Industry windfall profits from Europe’s carbon market

HOW ENERGY-INTENSIVE COMPANIES CASHED IN ON THEIR POLLUTION AT TAXPAYERS’ EXPENSE

Executive summary

mythbuster_2_cover_post_ParisThis policy brief interprets the findings of a new study by CE Delft that shows how energy-intensive companies in 19 European countries have massively profited from their pollution because they are deemed to be at risk of “carbon leakage”. “Carbon leakage” refers to a hypothetical situation where companies transfer production to countries with weaker climate policies in order to lower their costs. Under the current EU Emissions Trading System (EU ETS) rules, industrial companies that are believed to be at risk of “carbon leakage” are awarded free pollution permits.

There are at least four problems related to the current system:

  1. Free allocation has resulted in significant windfall profits for corporations. Windfall profits occur when industrial companies are over-subsidised for their pollution. This can happen from receiving too many free emission allowances that can be sold for a profit in the market, from using international offsets and from making consumers pay for non-existent carbon costs. Energy-intensive companies made over €24 billion from the EU ETS during 2008-20142. Most profits were made in Germany, the United Kingdom, Spain, France and Italy.
  2. European taxpayers are picking up the bill as governments forego income and lose out on revenues from auctioning these pollution permits. As a result of free allocation, less money is available for investments in the climate friendly transition of the European economy. In the 2008-2014 period, governments have given out 11 billion free pollution permits and have thereby missed out on at least €137 billion in auctioning revenues.
  3. Without an urgent change of the rules, emission reductions of industry will stall over the next 15 years. Giving away free emission allowances reduces the incentive of companies to produce more efficiently or to invest in breakthrough technologies that reduce CO2.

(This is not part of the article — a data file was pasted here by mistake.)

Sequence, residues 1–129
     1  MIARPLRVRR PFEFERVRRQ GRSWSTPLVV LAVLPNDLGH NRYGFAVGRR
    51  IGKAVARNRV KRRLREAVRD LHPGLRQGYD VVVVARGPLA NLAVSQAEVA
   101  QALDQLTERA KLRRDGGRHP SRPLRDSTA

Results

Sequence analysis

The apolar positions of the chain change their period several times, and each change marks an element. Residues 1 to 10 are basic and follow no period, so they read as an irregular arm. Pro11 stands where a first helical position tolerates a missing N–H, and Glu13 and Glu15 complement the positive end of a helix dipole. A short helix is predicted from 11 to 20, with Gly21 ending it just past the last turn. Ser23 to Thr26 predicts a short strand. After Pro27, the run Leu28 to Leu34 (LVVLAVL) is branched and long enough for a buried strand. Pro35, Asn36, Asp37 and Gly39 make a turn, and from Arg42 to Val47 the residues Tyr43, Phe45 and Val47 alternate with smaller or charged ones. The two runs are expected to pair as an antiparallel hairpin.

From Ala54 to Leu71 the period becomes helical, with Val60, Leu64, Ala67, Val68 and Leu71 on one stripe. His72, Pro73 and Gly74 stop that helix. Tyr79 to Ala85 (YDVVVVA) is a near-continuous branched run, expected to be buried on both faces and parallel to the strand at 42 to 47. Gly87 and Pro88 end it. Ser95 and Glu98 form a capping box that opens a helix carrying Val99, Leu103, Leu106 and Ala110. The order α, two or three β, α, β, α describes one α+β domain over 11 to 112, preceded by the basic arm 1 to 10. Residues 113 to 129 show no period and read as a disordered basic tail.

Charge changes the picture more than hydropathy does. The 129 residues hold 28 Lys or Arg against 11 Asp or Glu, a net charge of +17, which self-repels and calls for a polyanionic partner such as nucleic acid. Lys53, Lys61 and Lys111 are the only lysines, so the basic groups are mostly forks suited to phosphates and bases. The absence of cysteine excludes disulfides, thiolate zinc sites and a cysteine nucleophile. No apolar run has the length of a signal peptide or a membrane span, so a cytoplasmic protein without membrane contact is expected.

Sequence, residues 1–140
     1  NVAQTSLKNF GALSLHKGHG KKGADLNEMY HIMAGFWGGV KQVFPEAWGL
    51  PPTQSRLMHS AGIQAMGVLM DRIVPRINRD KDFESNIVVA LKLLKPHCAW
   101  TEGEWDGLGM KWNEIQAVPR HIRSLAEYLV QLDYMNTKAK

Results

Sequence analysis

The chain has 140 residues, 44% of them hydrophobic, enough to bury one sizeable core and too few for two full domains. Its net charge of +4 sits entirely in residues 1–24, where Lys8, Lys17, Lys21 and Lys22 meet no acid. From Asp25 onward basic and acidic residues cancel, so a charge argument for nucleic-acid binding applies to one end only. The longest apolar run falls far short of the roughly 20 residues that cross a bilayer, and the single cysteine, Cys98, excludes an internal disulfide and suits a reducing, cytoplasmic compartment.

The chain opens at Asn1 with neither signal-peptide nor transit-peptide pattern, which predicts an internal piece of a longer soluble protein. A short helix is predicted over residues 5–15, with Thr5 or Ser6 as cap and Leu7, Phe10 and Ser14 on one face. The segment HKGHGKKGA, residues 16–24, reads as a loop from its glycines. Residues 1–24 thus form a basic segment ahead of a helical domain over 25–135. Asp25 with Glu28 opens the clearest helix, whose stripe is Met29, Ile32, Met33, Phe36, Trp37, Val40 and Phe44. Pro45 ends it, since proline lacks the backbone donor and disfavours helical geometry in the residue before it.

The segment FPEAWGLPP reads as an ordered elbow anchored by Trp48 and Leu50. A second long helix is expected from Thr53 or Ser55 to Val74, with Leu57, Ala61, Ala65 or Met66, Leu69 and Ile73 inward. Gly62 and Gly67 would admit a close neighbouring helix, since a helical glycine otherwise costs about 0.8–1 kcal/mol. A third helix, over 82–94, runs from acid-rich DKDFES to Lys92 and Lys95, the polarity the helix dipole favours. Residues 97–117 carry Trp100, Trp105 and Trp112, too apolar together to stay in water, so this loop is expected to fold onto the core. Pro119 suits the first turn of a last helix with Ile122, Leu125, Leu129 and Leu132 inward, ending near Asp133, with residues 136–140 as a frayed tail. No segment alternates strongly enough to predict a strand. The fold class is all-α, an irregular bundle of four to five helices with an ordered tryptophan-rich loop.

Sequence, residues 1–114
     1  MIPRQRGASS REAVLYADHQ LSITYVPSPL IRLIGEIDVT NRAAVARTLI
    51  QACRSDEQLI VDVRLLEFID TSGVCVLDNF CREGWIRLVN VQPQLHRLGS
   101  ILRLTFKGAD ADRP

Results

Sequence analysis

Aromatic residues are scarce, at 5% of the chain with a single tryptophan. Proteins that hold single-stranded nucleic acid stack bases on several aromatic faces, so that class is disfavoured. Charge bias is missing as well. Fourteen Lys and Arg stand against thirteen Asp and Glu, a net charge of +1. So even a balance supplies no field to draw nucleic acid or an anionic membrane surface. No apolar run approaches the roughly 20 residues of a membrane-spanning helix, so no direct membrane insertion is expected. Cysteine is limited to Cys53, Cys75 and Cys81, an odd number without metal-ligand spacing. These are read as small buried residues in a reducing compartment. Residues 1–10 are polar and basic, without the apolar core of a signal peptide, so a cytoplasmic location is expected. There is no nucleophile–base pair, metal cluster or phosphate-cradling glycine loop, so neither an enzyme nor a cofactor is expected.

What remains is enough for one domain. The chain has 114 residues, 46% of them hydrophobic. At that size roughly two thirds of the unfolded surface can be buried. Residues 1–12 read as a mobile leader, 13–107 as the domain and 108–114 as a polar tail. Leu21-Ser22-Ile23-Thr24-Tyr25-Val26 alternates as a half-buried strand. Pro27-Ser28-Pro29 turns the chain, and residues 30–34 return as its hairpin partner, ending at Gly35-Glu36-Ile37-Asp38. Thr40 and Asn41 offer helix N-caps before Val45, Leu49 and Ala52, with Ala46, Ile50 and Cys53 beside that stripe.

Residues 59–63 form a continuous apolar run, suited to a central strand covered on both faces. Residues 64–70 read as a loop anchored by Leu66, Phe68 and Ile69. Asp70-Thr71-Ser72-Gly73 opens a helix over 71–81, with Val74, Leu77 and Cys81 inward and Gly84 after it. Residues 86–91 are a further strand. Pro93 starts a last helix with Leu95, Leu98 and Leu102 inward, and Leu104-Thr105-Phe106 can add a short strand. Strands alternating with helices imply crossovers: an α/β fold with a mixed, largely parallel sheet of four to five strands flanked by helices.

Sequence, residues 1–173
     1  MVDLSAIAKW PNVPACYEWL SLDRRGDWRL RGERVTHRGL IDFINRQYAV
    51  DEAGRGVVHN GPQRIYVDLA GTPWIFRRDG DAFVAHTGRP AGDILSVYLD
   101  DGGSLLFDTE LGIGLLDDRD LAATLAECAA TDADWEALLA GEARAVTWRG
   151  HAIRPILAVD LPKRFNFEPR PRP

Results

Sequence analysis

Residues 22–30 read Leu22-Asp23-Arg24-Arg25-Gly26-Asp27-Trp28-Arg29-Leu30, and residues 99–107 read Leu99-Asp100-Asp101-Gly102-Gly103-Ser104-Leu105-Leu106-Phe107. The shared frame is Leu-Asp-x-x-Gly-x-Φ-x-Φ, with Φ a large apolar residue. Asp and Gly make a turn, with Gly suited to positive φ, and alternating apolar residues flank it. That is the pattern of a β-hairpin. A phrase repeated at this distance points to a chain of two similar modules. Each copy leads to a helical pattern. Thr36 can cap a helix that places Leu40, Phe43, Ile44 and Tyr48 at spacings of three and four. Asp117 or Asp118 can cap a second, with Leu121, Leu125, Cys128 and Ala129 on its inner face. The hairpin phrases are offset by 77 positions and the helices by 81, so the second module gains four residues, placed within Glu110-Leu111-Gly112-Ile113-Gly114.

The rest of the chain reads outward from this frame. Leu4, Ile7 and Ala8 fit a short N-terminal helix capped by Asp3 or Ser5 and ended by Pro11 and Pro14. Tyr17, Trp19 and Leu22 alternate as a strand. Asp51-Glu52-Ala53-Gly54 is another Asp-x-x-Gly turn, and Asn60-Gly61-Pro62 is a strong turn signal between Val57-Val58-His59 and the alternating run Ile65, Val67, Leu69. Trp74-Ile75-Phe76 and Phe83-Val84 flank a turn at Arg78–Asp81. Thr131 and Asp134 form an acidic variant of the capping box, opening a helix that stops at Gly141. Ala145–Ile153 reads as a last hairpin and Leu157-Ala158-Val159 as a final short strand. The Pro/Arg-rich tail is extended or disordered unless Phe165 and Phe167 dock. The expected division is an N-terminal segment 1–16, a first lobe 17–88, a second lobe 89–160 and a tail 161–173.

4. The Paris agreement will level the playing field across the global economy after 2020. When relocation destinations have similar climate policies to the EU ETS, there will be no “carbon leakage” risks. Studies have furthermore not been able to find evidence for “carbon leakage”.

The ongoing legislative process to revise the EU ETS rules for the post-2020 period provides an important opportunity to revise the current “carbon leakage” rules. The lessons learned so far are important to ensure that further windfall profits at the expense of taxpayers are avoided and, instead of subsidising pollution, European governments will invest in innovations that lead to low-carbon societies.

Key recommendations

  • Phase out the free allocation of pollution permits by gradually increasing the share of allowances to be auctioned from the current 57% to 100% in the future.
  • Introduce a tiered “carbon leakage” approach and target free allowances only to those that really need it. The left-over free allowances should be cancelled or auctioned for innovation support.
  • Annually reduce the amount of free allowances that an installation receives (the benchmark) in line with the overall decarbonisation pathway of the EU ETS.
  • Invest more auctioning revenues in climate friendly innovation and support the frontrunners that want to invest in breakthrough technologies.

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Read full policy brief here

Read full CE Delft report here

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Policy Brief PDF (English)
United Kingdom fact sheet (EN)
News report BBC -Audio (English)
France fact sheet (EN)
Germany fact sheet (EN)
Deutschland (Deutsch)
Netherlands fact sheet (EN)
Sweden fact sheet (EN)